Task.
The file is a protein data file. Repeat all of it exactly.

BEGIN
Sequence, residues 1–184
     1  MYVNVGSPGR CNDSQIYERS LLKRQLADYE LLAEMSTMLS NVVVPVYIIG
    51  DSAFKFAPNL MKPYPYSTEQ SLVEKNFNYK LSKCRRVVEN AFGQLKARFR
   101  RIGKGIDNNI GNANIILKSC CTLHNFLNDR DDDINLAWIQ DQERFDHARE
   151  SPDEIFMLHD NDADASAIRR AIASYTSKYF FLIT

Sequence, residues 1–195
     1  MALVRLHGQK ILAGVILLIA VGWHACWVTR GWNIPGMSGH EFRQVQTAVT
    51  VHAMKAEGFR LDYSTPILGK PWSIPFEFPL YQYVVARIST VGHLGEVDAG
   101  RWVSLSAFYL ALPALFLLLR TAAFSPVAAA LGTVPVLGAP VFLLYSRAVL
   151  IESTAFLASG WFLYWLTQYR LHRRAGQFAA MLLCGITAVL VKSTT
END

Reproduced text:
Sequence, residues 1–184
     1  MYVNVGSPGR CNDSQIYERS LLKRQLADYE LLAEMSTMLS NVVVPVYIIG
    51  DSAFKFAPNL MKPYPYSTEQ SLVEKNFNYK LSKCRRVVEN AFGQLKARFR
   101  RIGKGIDNNI GNANIILKSC CTLHNFLNDR DDDINLAWIQ DQERFDHARE
   151  SPDEIFMLHD NDADASAIRR AIASYTSKYF FLIT

Sequence, residues 1–195
     1  MALVRLHGQK ILAGVILLIA VGWHACWVTR GWNIPGMSGH EFRQVQTAVT
    51  VHAMKAEGFR LDYSTPILGK PWSIPFEFPL YQYVVARIST VGHLGEVDAG
   101  RWVSLSAFYL ALPALFLLLR TAAFSPVAAA LGTVPVLGAP VFLLYSRAVL
   151  IESTAFLASG WFLYWLTQYR LHRRAGQFAA MLLCGITAVL VKSTT